Representatives of Latin American and Caribbean countries reiterated their commitment today to the implementation of the Global Compact for Safe, Orderly and Regular Migration, and they urged for viewing migration as a contribution to democracy, diversity and sustainable development and for respecting, protecting and fulfilling the rights of migrants and supporting them in their vulnerable situation, during a virtual regional meeting to review the Compact co-organized by the International Organization for Migration (IOM) – in its capacity as Coordinator of the United Nations Network on Migration – and the Economic Commission for Latin America and the Caribbean (ECLAC).
The Regional review meeting on the implementation of the Global Compact for Safe, Orderly and Regular Migration in Latin America and the Caribbean was inaugurated by Alicia Bárcena, Executive Secretary of ECLAC; António Vitorino, Director General of IOM; and Felipe González, United Nations Special Rapporteur on the human rights of migrants. Participating as representatives of civil society and other stakeholders were Nancy Pérez, of the Major Group for Children and Youth, and Berenice Valdés, Representative of the Latin American Bloc.
The meeting – which will run through Wednesday, April 28 – drew the participation of the various agencies, funds and programs that make up the Regional Network in Latin America and the Caribbean, along with ministers, deputy ministers and other high-level authorities from 29 of ECLAC’s Member States and three associate members, as well as representatives of intergovernmental organizations, the United Nations System, and of civil society and other stakeholders.
During the event’s inauguration, Alicia Bárcena underscored that, in the current context, migration must be made visible and thought out from the standpoint of public policies, inclusion and social protection, human rights and equality, with the aim of building our society back better once the pandemic is under control.
ECLAC’s Executive Secretary affirmed that, of the estimated 654 million inhabitants of Latin America and the Caribbean in 2020, the emigrant population accounts for 6.6%, a figure that has been rising in recent years. She noted that 51.6% of the people who migrate in the region are women and more than one-third of female migrant workers are employed in paid domestic work, a sector sharply affected by the crisis.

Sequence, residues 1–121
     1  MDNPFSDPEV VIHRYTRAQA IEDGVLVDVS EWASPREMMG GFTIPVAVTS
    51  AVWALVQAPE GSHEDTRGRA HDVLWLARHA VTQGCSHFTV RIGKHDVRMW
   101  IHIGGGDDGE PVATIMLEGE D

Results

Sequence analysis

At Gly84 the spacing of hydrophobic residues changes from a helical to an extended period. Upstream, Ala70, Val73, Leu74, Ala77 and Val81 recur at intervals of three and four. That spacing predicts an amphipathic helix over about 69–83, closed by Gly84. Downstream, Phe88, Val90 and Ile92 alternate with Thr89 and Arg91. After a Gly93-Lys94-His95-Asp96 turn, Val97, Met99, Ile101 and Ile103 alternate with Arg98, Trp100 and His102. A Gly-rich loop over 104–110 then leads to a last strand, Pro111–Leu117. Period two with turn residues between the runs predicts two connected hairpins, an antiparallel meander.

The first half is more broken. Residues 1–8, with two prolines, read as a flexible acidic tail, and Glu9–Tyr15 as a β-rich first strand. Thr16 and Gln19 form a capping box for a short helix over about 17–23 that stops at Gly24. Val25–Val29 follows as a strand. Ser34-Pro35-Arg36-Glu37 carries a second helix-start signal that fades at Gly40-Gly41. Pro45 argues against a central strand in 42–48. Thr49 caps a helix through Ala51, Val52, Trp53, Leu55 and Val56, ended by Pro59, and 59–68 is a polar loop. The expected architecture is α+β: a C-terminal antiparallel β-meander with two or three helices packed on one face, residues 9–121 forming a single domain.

“We have said it before and we say it again today: migration is not a problem, nor does it give rise to threats; instead it is a common good that can contribute to reducing inequality and lessening asymmetries in a globalized world. The Global Compact is a legitimate, pertinent and necessary instrument. It is time to implement this unprecedented agreement, here in the 21st century, as an expression of peace and humanity, centered on equality and with a rights-based approach,” she emphasized.
“With the effects of the COVID-19 pandemic that we have all felt, it is even more important that we take advantage of the opportunity that the Global Compact for Safe, Orderly and Regular Migration offers,” stated the Director General of IOM, António Vitorino.
“The regional review demonstrates the relevance and tangible value of achieving its 23 objectives, for States, migrant persons and their families, and the communities in which they live,” Vitorino added.
Felipe González, United Nations Special Rapporteur on the human rights of migrants, underlined that while the pandemic has been an obstacle to implementing the Global Compact, it is very important in this context that the rights of migrants remain protected and that States play a vigorous role in this sense.
“We are calling for countries to undertake regularization processes of a permanent nature. We hope the pandemic will end in the not-too-distant future, but it is clear that its social and economic effects are going to last for a significant amount of time. It is very important that migrant persons have a regular status so they can exercise their human rights adequately,” he stated.
Nancy Pérez, representative of the Major Group for Children and Youth, stressed the need and importance of ensuring the right to migrate with full guarantee and respect for human rights, while also fostering the conditions that would enable people to not migrate.
Meanwhile, Berenice Valdés, Representative of the Latin American Bloc, reaffirmed civil society’s aspiration that the review meeting on the Global Compact’s implementation in the region be the start of a process to generate articulations that can be measured in terms of impact on migrants.
The meeting continued later in the day with the analysis of progress and challenges relating to implementation of the Global Compact for Migration in Latin America and the Caribbean. On Tuesday, April 27, meanwhile, participants will address key regional findings from national reports and consultations with multi-stakeholders.
The event will also include five thematic roundtables addressing areas such as the promotion of fact-based and data-driven migration discourse, policy and planning; the protection of migrants’ human rights, safety and well-being; irregular migration; the facilitation of regular migration and decent work; and the importance of the social inclusion and integration of migrants.